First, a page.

DRAWING LIFE by fred hatt



Filed under: Photography: Structure — Tags: , , — fred @ 09:14

Twilight Manhattan, 2006, photo by Fred Hatt

You have to get a little outside of it to get good views of Manhattan’s famous skyline.  The view above is from a Tribeca highrise apartment balcony.  The one below is from across the East River in Brooklyn.

Dead End, 2006, photo by Fred Hatt

Atop a bridge you’re both high and outside, as in this view from the approach to the Queensboro Bridge.

Bridge Approach, 2003, photo by Fred Hatt

You can get a good view from under a bridge too.  Here the framing structure is the Manhattan Bridge.  The lighted arc of cables further back is the Brooklyn Bridge.

Framing Bridge, 2005, photo by Fred Hatt

You can have this view from your apartment, if you are a billionaire.

Central Park View, 2004, photo by Fred Hatt

The skyline is such an iconic way of seeing New York that even an image of disaster takes the form of a skyline.  This is a photomural, inside a building in lower Manhattan, of the smoldering pile of the World Trade Center following the 9/11 attack.

9/11 Mural, 2003, photo by Fred Hatt

New Yorkers, used to the familiar outline of the Twin Towers, felt there was a hole in the skyline.  Every year around the anniversary, beams of light rise in place of the missing towers.

Converging Beams, 2003, photo by Fred Hatt

Another type of memorial that creates a skyline is the gathering of gravestones in a cemetery.  Here, the buildings of midtown Manhattan in the background blend in with the stone slabs and columns of Queens’ Calvary Cemetery in the foreground.

Cemetery Skyline, 2004, photo by Fred Hatt

Taking a closer view of the contours where the buildings of Manhattan touch the sky, wooden water towers are a distinctive feature of the lower-rise portions of the city.

Water Tower Rooftops, 2007, photo by Fred Hatt

The sky silhouette seen in the outer boroughs of New York often includes church spires, clotheslines, and satellite dishes.

Laundry and Spires, 2006, photo by Fred Hatt

Sometimes you can see a skyline by looking downward.

Reflected Towers, 2006, photo by Fred Hatt

The mirrored skyline lends a certain quality of serenity to this view of an industrial wasteland.

Newtown Creek Skyline, 2005, photo by Fred Hatt

Contrasting shapes meet the sky here where a Frank Gehry-designed office building in white glass rises next to the High Line, an elevated freight track converted into a park.

Gehry & High Line Construction, 2009, photo by Fred Hatt

Another translucent white glass building, the Enid A. Haupt Conservatory at the New York Botanical Garden, nearly blends in to the overcast sky, in the view below.  Not every skyline contour is hard and toothy.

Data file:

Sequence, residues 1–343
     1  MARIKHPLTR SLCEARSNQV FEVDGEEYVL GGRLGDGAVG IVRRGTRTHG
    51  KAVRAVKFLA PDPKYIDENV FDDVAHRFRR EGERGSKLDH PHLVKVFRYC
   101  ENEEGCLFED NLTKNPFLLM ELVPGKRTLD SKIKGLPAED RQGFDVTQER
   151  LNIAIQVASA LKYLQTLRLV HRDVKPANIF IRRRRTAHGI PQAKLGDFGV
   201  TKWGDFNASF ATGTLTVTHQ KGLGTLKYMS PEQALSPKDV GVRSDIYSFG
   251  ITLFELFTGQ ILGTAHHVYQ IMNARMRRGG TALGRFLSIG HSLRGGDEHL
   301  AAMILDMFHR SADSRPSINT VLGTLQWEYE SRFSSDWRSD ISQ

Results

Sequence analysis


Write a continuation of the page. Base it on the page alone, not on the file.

Conservatory, 2004, photo by Fred Hatt

Fog can also create a soft-edged effect.

Citibank in Fog, 2004, photo by Fred Hatt

In the view below, only the Empire State Building is tall enough to be seen above the trees of McCarren Park in Brooklyn, shining through the evening mist.

Ghostly Empire State, 2003, photo by Fred Hatt

A ruined waterfront warehouse in the sunset has a skyline of crumbling grandeur.

Burned Warehouse, 2006, photo by Fred Hatt

The warehouse’s eroded contours contrast with the thrusty ones of this neo-gothic structure, Grace Church.

Gothic Silhouette, 2007, photo by Fred Hatt

These 19th century east side townhouses have chimneys like crooked fingers.

Chimneys, 2005, photo by Fred Hatt

We tend not to notice the sky contours of signs and street lamps, as they blend in to general visual clutter, but the shapes can be fantastic abstract sculpture.

Billboard & Streetlamp, 2007, photo by Fred Hatt

The gleaming towers of architects must share the skyline with the ragged juttings of infrastructure.

Tower, Poles, Wires, 2003, photo by Fred Hatt

The combinations of all these elements can become glorious geometries of chaos.

Crossing Lines, 2005, photo by Fred Hatt

Here, a particular angle of view brings together building, statue, lamp and tree for a composition that crackles and twists.

Central Park South, 2010, photo by Fred Hatt

In buildings the supporting framework is decorously concealed, but bridges nakedly display their engineering.  Here, the towers of the Queensboro Bridge and the Roosevelt Island tramway stand side by side.

Tramway, 2004, photo by Fred Hatt

New York’s first great bridge was the Brooklyn Bridge, a masterpiece of engineering and still the most beautiful of Manhattan’s bridges with its delicate cabling.

Bridge Cabling, 2009, photo by Fred Hatt

The roof of the Metropolitan Museum currently hosts this gigantic birds-nest-like structure, the architectural sculpture “Big Bambu” by the Starn brothers.

Big Bambu, 2010, photo by Fred Hatt

Birds use the cables and spars over the Manhattan streets as bleachers to spectate on the human beehive, and their bodies become part of the skyline.

Pigeon Perch, 2005, photo by Fred Hatt

In the outer boroughs, people toss their old sneakers onto the wires.  This one was unusually generously festooned.

Shoes on Wire, 2009, photo by Fred Hatt

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